7. 7. A detail drawing is a close-up view of part of an object to show it in much finer detail, they show a small portion of an object at a large scale. Scale for details might be 1:1, 1:5 or 1:10. Details often show a partial section of a piece of furniture or construction component blown up to an appropriate scale so as to communicate the interaction between several components. However detail drawings are not always drawn up in section and may include an enlarged drawing of the floor plan or elevation. Section details provide information on the location and construction of different parts, the relationships of these parts to the surroundings, and the juncture of materials. Details are referenced form plan, elevation, and section drawings. Detail drawings
  8. 8. Drawing set A drawing set is a series of drawings that form a package of information for a particular project. For a small interior design project such as a kitchen renovation, a drawing set might include the following: floor plan, elevations, section or sections, electrical plan and one or two pages of cabinetry or joinery details.
  9. 9. Planning a drawing set In the early stages of any project, the designer or architect in charge will have to plan the drawing set required to complete all of the building work. This allows them to estimate the time required to complete the drawing work and provide an estimate for the design fees based on the amount of work involved. It also allows the designer to produce a logical series of numbers for each drawing so that all of the information can be managed efficiently. The designer generally makes a sketch layout of each page, to scale, to make sure that all of the drawings and information is included and is clearly communicated. An initial draft of the drawing set is produced in the form of a schedule, with a list of all the drawing names and numbers. Once drafted, this schedule or drawing list allows the designer or designers to evaluate the proposed number and type of drawings to be produced.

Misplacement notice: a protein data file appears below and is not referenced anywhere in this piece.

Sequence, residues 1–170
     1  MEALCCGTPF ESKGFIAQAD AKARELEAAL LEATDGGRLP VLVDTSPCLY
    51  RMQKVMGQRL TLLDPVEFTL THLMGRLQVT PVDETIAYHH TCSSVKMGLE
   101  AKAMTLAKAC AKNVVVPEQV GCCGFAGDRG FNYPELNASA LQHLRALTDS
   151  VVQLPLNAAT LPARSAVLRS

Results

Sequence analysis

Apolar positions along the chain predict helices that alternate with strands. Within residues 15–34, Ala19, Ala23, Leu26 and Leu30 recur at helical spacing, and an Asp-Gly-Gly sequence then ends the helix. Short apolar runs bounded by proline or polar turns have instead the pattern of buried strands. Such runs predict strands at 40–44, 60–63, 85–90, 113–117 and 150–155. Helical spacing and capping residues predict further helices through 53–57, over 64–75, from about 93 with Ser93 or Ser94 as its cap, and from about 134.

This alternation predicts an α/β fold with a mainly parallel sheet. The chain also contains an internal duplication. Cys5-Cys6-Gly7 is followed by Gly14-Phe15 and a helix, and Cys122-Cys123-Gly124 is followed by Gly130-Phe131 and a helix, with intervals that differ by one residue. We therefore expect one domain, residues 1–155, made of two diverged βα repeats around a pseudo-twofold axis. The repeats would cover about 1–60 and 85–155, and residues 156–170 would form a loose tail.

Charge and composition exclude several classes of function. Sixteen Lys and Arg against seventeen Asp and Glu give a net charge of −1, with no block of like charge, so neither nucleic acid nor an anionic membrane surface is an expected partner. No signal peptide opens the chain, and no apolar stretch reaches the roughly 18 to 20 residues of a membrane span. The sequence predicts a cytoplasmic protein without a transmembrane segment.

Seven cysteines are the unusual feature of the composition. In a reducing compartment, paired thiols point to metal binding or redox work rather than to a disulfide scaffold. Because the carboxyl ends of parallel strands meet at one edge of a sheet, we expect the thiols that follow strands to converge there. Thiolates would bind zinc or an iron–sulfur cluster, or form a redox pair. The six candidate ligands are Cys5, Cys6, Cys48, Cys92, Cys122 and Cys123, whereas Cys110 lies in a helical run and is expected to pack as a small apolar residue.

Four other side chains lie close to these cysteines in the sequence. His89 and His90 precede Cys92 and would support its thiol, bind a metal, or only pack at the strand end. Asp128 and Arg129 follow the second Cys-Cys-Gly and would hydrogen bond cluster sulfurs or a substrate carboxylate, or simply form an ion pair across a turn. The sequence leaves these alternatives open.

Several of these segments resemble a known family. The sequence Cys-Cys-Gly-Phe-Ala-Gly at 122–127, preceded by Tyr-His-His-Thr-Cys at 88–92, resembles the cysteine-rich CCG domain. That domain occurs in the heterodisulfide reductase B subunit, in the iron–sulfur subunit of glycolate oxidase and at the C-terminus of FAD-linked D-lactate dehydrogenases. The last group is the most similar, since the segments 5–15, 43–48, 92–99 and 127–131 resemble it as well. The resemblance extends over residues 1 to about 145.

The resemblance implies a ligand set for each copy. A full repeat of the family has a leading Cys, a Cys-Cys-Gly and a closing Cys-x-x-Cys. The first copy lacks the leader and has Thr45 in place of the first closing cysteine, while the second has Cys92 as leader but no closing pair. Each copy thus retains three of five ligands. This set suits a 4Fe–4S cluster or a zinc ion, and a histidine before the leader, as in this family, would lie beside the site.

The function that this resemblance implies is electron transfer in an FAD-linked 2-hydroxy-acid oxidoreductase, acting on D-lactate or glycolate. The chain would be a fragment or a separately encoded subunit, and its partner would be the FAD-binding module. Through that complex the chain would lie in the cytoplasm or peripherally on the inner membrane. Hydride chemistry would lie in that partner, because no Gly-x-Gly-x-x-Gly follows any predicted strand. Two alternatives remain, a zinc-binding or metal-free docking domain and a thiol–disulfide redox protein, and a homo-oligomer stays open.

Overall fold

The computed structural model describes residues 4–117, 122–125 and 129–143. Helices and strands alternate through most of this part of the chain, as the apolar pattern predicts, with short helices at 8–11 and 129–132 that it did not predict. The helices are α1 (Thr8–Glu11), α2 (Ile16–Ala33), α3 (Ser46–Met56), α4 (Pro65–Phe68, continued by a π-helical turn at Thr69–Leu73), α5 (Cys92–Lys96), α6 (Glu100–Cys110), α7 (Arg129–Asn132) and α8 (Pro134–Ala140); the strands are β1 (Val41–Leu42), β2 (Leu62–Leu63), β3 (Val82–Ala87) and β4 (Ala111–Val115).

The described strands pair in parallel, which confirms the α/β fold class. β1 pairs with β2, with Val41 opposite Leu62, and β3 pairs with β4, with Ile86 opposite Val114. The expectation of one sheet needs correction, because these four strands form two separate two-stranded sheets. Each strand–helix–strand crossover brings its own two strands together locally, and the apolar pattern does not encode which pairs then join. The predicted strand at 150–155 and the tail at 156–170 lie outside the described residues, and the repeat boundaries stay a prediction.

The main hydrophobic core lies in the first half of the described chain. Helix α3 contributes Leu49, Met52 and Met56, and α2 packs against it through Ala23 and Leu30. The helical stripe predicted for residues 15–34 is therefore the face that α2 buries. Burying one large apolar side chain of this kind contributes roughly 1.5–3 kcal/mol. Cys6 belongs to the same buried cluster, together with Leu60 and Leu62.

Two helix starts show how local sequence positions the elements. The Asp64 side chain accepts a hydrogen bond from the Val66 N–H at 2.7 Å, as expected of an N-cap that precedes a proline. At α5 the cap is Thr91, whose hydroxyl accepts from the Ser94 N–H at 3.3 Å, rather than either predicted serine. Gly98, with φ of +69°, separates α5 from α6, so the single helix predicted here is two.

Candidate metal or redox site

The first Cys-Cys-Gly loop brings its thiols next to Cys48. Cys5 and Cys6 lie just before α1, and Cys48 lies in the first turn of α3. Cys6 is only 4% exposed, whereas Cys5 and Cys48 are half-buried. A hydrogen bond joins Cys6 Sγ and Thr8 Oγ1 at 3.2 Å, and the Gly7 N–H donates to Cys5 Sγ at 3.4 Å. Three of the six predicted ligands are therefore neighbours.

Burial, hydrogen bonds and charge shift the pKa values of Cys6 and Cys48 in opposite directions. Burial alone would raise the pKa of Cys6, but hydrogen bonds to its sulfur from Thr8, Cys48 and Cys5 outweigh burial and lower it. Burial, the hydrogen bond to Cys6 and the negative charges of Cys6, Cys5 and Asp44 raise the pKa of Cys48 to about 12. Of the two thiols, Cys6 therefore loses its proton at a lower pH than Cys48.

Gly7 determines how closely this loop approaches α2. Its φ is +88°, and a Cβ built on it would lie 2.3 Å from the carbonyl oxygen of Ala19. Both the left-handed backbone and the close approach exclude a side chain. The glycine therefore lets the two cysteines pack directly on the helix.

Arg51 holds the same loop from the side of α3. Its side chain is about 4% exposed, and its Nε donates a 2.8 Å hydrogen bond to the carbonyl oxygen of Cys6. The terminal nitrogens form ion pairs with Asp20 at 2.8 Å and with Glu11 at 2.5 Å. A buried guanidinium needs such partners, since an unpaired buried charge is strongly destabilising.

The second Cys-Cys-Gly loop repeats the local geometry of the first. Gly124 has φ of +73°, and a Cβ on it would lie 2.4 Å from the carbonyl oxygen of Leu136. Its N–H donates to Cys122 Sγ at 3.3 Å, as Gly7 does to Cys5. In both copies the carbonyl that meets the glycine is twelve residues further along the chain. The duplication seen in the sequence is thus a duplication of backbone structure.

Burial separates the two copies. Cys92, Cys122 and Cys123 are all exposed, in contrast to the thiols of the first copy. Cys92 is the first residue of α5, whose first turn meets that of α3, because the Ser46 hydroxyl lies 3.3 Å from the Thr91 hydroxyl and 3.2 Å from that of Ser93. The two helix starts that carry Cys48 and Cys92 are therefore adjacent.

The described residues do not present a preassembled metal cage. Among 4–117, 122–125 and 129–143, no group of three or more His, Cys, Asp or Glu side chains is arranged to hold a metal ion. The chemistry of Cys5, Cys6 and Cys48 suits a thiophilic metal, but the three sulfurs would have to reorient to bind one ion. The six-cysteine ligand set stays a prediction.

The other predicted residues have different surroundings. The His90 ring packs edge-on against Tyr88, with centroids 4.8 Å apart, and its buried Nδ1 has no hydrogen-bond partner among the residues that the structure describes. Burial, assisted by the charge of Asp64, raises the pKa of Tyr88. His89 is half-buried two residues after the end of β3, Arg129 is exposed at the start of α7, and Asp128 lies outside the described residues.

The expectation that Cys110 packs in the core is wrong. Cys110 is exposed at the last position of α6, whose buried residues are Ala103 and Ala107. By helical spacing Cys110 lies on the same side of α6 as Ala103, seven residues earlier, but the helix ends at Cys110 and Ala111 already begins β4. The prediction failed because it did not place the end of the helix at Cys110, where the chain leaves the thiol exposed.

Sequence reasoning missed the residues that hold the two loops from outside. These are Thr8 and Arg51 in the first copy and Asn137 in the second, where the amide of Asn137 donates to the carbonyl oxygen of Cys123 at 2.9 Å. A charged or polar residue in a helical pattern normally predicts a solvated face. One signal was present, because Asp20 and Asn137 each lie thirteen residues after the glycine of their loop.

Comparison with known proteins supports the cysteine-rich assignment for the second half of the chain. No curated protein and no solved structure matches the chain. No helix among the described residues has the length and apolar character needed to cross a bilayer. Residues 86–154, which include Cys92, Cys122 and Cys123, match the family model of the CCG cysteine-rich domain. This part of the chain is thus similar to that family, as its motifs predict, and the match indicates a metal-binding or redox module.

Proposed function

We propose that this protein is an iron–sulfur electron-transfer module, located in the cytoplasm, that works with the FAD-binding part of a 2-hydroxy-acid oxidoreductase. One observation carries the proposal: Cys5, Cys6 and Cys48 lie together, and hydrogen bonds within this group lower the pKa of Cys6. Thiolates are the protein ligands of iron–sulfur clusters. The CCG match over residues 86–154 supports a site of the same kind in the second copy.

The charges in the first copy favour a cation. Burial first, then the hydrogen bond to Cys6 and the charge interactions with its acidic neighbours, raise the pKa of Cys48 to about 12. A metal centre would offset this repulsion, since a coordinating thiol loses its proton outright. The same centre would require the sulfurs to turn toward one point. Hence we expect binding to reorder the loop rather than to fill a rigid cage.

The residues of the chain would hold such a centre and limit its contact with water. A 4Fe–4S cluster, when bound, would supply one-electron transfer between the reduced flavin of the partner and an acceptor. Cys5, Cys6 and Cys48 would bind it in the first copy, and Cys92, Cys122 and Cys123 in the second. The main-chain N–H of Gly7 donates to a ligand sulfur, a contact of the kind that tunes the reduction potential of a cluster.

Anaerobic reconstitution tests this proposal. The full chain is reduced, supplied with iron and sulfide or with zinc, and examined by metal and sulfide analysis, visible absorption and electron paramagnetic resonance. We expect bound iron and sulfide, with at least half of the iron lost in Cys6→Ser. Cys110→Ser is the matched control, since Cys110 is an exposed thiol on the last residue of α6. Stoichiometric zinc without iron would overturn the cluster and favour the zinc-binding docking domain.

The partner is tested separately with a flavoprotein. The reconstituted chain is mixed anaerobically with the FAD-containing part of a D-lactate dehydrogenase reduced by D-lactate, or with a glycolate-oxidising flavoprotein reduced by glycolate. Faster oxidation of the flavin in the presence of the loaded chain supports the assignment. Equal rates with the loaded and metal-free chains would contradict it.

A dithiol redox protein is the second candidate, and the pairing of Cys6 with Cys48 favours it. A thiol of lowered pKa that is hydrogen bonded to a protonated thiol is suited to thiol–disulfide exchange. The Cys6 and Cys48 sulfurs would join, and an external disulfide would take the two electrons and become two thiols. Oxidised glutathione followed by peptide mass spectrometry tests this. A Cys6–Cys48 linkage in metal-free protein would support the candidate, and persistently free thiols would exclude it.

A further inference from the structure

10. 10. Building a 3D model of a room Using SketchUp to build a model of your designs at the concept stage has several advantages, including: • design flaws can be quickly identified, for example you have not allowed enough space for furniture pieces • you can easily create several views for concept presentation • you can export the geometry to other applic atio ns (e.g . Au toCAD) fo r drawi ng documentation. One of the most common operations that you will perform as an interior designer is to create a room or a space for your design. 3D Modelling in SketchUp